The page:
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Farewell William Proxmire

December 15, 2005 at 12:00 AM EDT


KWAME HOLMAN: Among his distinctions, William Proxmire holds the record for most consecutive roll call votes cast by a United States senator– more than 10,000 over a 22-year period.

But the Wisconsin Democrat will be remembered best for his one-man crusade against wasteful government spending. Proxmire criticized spending on military and social programs alike. He created the “Golden Fleece Award” to publicize the worst abuses — for instance, a federally-funded research project on why people fall in love.

He also railed against the runaway costs of political campaigns, accepting no contributions during his final run for the Senate in 1982. William Proxmire talked with Roger Mudd in 1988, on the eve of his retirement after 31 years in the Senate.

WILLIAM PROXMIRE: Thirty-one years, right.

ROGER MUDD: And so how’s it changed?

WILLIAM PROXMIRE: Well, it’s changed enormously because of the size of the government. We were spending, I just checked it out, less than $80 billion a year. Now we’re spending $1 trillion a year, about 12 — more than 12 times as much as we were spending then, even allowing for inflation, which is a great deal more.

The Senate has changed in the number of staff we have. It’s changed in the number of subcommittees we have, the amount of correspondence we get, and it’s changed particularly in the amount of money that people spend in their elections.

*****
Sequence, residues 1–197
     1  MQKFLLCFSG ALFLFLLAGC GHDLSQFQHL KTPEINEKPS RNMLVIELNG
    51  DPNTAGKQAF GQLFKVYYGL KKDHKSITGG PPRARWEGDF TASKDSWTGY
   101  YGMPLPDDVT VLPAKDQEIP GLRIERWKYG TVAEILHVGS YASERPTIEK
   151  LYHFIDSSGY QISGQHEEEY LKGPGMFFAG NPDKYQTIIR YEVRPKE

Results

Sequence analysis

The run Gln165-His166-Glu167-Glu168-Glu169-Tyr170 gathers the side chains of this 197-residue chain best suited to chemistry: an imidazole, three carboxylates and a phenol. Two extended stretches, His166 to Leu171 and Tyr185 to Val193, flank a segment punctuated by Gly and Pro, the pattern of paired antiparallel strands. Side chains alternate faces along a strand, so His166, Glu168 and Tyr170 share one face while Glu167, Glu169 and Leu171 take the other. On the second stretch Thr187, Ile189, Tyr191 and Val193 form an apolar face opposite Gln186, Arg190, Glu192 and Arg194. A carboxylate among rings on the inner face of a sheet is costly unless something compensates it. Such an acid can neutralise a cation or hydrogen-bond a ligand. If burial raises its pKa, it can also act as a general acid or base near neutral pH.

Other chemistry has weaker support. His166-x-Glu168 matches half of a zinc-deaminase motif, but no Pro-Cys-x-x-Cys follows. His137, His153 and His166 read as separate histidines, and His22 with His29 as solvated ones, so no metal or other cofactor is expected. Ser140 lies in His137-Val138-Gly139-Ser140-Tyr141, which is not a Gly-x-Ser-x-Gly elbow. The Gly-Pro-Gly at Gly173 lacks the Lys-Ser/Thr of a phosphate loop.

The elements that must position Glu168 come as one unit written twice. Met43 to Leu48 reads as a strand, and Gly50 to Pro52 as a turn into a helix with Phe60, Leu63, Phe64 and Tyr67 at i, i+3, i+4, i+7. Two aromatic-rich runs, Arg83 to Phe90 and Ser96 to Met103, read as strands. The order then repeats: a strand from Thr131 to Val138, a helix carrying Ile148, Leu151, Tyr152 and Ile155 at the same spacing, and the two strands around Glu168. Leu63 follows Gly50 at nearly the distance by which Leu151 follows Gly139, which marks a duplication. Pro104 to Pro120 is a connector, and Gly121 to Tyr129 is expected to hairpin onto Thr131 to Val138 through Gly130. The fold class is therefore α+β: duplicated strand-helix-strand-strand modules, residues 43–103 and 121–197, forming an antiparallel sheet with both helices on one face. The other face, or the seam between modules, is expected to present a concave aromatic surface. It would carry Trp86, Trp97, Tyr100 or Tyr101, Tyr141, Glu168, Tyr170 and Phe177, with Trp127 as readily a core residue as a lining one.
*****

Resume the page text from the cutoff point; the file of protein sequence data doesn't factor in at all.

ROGER MUDD: So what do you do about those changes? Are those changes –

WILLIAM PROXMIRE: Well, I’ve tried to do one thing, Roger. It’s kind of interesting. What I’ve tried to do is to set an example. 1976 when I ran for re-election, I spent $177.77. Then when I ran again in 1982, I spent a total of $145.10. It all came out of my pocket. I didn’t accept any campaign contributions and –

ROGER MUDD: Yeah, but you’re a weird case.

WILLIAM PROXMIRE: I think that two-thirds of the members of the Senate running for reelection could do exactly what I did and win.

ROGER MUDD: You’re kidding.

WILLIAM PROXMIRE: No question about it. Absolutely.

ROGER MUDD: So why doesn’t anybody follow your lead?

WILLIAM PROXMIRE: Well because it’s a security blanket. You know, most of incumbents win and win very comfortably. That’s the way they like to win, and it scares strong competition away if you do that.

ROGER MUDD: Do you think the frustrations of Senate life have reached a critical point?

WILLIAM PROXMIRE: Well, they haven’t with me. I think it’s true that the schedule is inconvenient. You don’t have control of your life in the sense that you can be sure to go home and have dinner with your family.

ROGER MUDD: Isn’t that really though expecting too much of a public servant, to surrender that life?

WILLIAM PROXMIRE: Well, nobody comes to the Senate with a gun at their head.

ROGER MUDD: That’s true.

WILLIAM PROXMIRE: You know, you spend millions of dollars, some people spend millions of their own money, to get here, and they get here because they think it would be a good job to have. So I don’t think it’s expecting too much.

KWAME HOLMAN: William Proxmire fought a ten-year battle with Alzheimer’s disease. He died this morning at the age of 90.